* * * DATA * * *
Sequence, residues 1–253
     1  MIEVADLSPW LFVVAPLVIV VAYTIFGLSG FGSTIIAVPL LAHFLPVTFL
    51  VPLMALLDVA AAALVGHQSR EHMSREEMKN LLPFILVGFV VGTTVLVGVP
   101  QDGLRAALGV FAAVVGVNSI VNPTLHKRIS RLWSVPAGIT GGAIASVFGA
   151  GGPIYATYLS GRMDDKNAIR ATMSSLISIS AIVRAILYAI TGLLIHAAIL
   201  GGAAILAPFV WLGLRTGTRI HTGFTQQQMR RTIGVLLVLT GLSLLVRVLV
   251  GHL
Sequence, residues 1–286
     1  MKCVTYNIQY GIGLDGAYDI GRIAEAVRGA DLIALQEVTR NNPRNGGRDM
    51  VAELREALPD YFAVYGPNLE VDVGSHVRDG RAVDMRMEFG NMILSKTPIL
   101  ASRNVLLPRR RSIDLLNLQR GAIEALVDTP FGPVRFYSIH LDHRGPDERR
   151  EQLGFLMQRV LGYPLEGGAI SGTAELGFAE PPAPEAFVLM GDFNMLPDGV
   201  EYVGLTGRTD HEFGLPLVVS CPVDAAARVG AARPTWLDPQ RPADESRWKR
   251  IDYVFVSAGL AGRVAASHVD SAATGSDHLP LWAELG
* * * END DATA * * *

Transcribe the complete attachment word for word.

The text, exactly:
Sequence, residues 1–253
     1  MIEVADLSPW LFVVAPLVIV VAYTIFGLSG FGSTIIAVPL LAHFLPVTFL
    51  VPLMALLDVA AAALVGHQSR EHMSREEMKN LLPFILVGFV VGTTVLVGVP
   101  QDGLRAALGV FAAVVGVNSI VNPTLHKRIS RLWSVPAGIT GGAIASVFGA
   151  GGPIYATYLS GRMDDKNAIR ATMSSLISIS AIVRAILYAI TGLLIHAAIL
   201  GGAAILAPFV WLGLRTGTRI HTGFTQQQMR RTIGVLLVLT GLSLLVRVLV
   251  GHL
Sequence, residues 1–286
     1  MKCVTYNIQY GIGLDGAYDI GRIAEAVRGA DLIALQEVTR NNPRNGGRDM
    51  VAELREALPD YFAVYGPNLE VDVGSHVRDG RAVDMRMEFG NMILSKTPIL
   101  ASRNVLLPRR RSIDLLNLQR GAIEALVDTP FGPVRFYSIH LDHRGPDERR
   151  EQLGFLMQRV LGYPLEGGAI SGTAELGFAE PPAPEAFVLM GDFNMLPDGV
   201  EYVGLTGRTD HEFGLPLVVS CPVDAAARVG AARPTWLDPQ RPADESRWKR
   251  IDYVFVSAGL AGRVAASHVD SAATGSDHLP LWAELG